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Loaded my meat and started the cook. Ran the kettle with the top vent wide open and just used one of the lower vents to control my temperature. Got it dialed in at about 250 degrees measured on the cooking grid. 

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At about three hours into the cook, I wrapped my ribs with some goodies which included a little apple juice, some agave syrup, some clover honey, and some brown sugar. I am trying to keep the calories down on this cook!

With this mixed bag of ribs and the different thicknesses, I didn’t expect all of them to get done at the same time and they didn’t.  I had ribs in the foil, ribs out of the foil and getting glazed all at the same time on the cooker.  Kinda kept the old fellow pretty busy at the end of the cook.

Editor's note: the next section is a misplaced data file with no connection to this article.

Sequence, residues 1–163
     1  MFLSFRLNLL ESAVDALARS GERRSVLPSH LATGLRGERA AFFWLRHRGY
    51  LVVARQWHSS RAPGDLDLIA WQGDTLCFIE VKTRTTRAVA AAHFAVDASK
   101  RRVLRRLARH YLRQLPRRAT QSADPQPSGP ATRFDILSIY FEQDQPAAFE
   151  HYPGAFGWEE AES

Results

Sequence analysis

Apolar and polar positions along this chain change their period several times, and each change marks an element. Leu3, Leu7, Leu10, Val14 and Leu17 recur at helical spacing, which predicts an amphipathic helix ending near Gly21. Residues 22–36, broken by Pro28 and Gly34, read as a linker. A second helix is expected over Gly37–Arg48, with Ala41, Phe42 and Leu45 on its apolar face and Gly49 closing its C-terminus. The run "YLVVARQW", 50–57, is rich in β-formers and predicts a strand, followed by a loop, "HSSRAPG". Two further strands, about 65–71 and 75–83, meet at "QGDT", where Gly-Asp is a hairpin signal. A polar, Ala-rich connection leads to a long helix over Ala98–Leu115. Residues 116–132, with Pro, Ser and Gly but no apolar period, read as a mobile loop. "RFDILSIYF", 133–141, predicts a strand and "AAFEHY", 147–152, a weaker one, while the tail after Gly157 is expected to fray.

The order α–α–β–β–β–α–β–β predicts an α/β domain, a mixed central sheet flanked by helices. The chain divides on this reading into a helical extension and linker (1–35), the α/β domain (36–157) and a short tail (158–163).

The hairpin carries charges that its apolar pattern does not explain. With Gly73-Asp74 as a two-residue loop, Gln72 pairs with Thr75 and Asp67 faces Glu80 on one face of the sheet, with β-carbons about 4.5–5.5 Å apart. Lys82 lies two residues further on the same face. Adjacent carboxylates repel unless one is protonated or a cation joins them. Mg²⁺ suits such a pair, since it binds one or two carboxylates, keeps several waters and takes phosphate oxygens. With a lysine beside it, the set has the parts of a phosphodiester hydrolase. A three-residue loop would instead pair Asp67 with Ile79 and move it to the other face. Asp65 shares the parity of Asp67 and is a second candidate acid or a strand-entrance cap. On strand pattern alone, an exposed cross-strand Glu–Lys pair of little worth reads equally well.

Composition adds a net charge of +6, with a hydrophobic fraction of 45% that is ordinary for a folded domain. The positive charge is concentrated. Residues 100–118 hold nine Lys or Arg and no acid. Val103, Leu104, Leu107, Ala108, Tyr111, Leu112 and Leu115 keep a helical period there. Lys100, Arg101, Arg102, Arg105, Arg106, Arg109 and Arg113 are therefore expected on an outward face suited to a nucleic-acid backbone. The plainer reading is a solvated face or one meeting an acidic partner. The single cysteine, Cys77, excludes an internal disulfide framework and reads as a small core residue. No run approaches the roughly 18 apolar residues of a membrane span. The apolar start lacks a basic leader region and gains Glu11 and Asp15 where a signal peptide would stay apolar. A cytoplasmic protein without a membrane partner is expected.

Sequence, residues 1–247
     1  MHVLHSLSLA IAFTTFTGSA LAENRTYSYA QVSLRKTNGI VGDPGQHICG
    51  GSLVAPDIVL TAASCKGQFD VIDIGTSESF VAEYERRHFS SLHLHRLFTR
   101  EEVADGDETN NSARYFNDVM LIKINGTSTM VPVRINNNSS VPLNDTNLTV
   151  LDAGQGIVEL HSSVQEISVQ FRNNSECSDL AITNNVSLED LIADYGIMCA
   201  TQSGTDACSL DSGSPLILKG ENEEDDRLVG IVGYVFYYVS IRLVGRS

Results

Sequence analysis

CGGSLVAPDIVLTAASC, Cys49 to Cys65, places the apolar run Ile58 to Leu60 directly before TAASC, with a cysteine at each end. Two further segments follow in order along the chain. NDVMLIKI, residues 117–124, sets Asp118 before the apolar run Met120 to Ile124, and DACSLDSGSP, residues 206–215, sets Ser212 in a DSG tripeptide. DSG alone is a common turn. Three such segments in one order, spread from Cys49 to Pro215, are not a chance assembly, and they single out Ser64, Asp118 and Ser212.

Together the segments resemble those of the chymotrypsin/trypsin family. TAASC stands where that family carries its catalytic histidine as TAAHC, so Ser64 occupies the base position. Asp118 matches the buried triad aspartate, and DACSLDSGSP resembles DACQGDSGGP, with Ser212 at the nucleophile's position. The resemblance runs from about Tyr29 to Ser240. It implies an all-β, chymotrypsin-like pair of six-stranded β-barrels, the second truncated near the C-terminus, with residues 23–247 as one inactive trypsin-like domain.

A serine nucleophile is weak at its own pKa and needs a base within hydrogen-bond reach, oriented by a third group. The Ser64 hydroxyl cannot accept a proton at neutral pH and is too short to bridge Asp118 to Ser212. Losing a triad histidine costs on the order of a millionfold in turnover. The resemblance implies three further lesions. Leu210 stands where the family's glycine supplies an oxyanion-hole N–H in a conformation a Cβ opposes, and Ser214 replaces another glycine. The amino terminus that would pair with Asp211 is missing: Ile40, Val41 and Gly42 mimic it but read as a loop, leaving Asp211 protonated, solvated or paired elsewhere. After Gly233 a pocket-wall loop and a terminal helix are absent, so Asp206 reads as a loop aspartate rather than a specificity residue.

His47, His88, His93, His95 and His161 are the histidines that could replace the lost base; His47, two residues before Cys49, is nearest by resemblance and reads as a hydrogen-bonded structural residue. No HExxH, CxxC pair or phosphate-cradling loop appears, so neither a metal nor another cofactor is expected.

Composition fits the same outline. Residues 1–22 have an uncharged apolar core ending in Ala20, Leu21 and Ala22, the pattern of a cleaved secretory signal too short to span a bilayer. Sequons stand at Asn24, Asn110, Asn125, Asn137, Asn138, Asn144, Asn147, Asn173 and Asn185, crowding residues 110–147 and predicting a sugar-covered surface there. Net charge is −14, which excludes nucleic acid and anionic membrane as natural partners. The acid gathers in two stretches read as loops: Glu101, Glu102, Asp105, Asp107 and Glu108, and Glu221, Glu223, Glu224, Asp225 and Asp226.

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My ribs just off the kettle.

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Pulled rib meat from the rib tips from my Bronto spares.  This is my treat from this cook as it is my favorite with some cole slaw on a sandwich.

I sure enjoy cooking on the Ranch Kettle.

Jerk Chicken, Potato Bombs, and ABT's

This cook was done on my Weber Jumbo Joe kettle running a split fire (direct & indirect)  using lump charcoal with a fist sized chunk of hickory for my smoke wood. 

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I prepped 4 chicken legs, 3 chicken thighs, and one chicken breast which I cut into 2 pieces with my favorite jerk chicken marinade recipe and placed them into the fridge for an overnight stay.